Leonard Shane’s artwork is on display at the Waldman Library until March 31. (photo by Olga Livshin)
When Leonard Shane was a child, his mother enrolled him in music lessons. “It lasted only a few months,” he told the Independent with a chuckle. “I didn’t like it. Then I began taking art classes, and it worked. I liked it. But I never painted as an adult until I retired.”
Shane worked all his professional life as an elementary school teacher. “I chose a profession because I wanted to make a living and I loved teaching. It demands lots of creativity. We worked on many creative projects with my classes – creative writing and art – and then I’d hang the children’s works all over the school.”
Fully engaged by teaching, he didn’t think about painting, didn’t have time for it either. “Teaching is an immense responsibility,” he said. “So many kids have personal issues. Some kids are damaged, and you try to help.”
Then, 14 years ago, he retired. “I thought, what to do with my days? So, I took up photography and painting. I could make art on my own terms.”
He also joined Toastmasters for a few years. “I felt alive when I spoke in front of an audience,” he recalled. “This is an important aspect of any art form for me: to express myself. That’s what my paintings are about. With each painting, I try to express what I feel at the moment. Some pieces are soft, the images demand watercolors. Others are strong, full of energy, and I make them in acrylics. With every picture, something wells up from the inside, it flows; it can’t be forced.”
He paints under the influence of inspiration, so there is no set schedule, no deadlines. “I paint when I’m in the mood. Sometimes, I don’t paint for weeks; other times, I have to do it every day, for three months in a row. But I always have some way out for my creativity. When we recently went on a trip to Mexico, I’d go alone to the beach and sketch. I love capturing the essence of a place, love painting outdoors. For me, it’s the preferable experience, enhanced by nature.”
Shane paints mostly landscapes and waterscapes. Sometimes, they are of places he visits often, walks past every day: boats in Richmond harbor or a shoreline in Delta, a local park or a neighborhood street. He might paint these images on location, from photographs, from memory or with the aid of the internet. He invariably puts his own unique style and interpretation into the paintings, making them his personal impressions.
“I take photos with my camera, transfer them to my computer and then put my easel in front of the computer screen,” he explained. “I’d zoom on the photo, sometimes only a part of it, and paint. Other times, a painting might be inspired by others’ artistic works, by visiting galleries. I never copy a photo, always let my imagination fly, let the image evolve. A painting is like a meditation. It allows me to look inside myself.”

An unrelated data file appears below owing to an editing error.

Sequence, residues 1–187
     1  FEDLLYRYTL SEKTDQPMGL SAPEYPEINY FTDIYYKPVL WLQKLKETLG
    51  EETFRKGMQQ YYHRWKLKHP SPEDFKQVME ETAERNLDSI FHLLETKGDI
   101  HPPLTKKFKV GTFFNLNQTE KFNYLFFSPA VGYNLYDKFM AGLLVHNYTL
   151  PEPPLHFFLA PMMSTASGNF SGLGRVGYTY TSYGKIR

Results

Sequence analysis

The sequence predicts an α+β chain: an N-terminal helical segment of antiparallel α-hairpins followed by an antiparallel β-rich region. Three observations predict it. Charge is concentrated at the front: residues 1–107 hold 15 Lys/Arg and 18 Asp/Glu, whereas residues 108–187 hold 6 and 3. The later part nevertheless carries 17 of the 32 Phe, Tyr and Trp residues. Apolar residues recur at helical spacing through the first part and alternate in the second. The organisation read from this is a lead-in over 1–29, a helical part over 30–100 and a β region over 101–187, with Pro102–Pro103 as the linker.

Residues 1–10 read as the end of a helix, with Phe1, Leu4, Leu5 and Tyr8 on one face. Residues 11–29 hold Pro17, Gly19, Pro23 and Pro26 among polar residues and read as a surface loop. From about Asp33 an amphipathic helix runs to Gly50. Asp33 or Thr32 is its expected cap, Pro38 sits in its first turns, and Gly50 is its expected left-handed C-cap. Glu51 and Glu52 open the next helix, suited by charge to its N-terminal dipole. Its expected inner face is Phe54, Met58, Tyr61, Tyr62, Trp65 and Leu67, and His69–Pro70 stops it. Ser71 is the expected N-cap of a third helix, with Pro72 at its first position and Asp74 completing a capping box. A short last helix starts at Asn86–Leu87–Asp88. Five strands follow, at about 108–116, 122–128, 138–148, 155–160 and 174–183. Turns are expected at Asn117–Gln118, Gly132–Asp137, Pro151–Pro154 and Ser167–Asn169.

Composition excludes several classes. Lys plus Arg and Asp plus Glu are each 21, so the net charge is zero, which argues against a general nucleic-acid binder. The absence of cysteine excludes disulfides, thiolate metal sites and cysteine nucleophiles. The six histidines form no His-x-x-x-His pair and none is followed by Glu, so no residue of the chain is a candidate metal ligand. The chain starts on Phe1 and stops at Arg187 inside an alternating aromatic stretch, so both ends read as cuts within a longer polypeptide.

Shane has a series of Jerusalem landscapes although he has never been to Israel. Those pictures are a reflection of his inner self, he said. “I learn a lot about myself through my paintings,” he explained.
Some of his pictures are playful, like cats or dogs. Others are lyrical, reverberating with his affection for British Columbia and its diverse scenery. Still others are philosophical. “The end result is not as important as the process,” he said with conviction. “Painting is like a journey. You never know where it will take you.”
Initially, he didn’t think about selling his artwork; it was just a hobby. But that has changed somewhat. “First time I put my paintings out, some kind of outdoor art sale, I was upset that everyone walked past, nobody bought [one],” he said. “Now, I just enjoy the process. I know that we all have different tastes, but the joy of creating art stays with you forever. And I know that, at some point, someone will come along who would love one of my paintings and buy it. One of my wife’s friends bought my painting recently. She often tells me that seeing it on her wall every day invigorates her. It’s very rewarding.”
Shane also makes greeting cards from his paintings and photographs and sells them through several local gift and coffee shops. “You build a relationship with the owners this way,” he said. “After awhile, I approached some of them and offered to hang my art in their shops, and many agreed.”
That’s how Karen Corrin of the Isaac Waldman Jewish Public Library saw his work – in a Starbucks.
“I have known Karen for a long time,” Shane said. “She is a good friend. Suddenly, she called me. She said: ‘I didn’t know you painted. Let’s have your show at the library.’”
Shane’s exhibit of watercolors and acrylic paintings is at the Waldman Library until March 31. To learn more, visit lenshaneart.com.
Olga Livshin is a Vancouver freelance writer. She can be reached at [email protected].